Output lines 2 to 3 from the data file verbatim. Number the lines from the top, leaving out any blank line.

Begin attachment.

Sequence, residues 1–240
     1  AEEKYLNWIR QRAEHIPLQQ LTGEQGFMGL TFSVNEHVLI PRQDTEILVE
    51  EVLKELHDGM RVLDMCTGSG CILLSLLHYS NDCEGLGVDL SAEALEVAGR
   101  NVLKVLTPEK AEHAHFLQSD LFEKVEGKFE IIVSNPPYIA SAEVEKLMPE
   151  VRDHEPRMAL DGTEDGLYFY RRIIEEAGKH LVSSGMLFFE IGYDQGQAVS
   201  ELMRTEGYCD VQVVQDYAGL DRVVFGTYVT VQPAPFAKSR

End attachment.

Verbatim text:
     1  AEEKYLNWIR QRAEHIPLQQ LTGEQGFMGL TFSVNEHVLI PRQDTEILVE
    51  EVLKELHDGM RVLDMCTGSG CILLSLLHYS NDCEGLGVDL SAEALEVAGR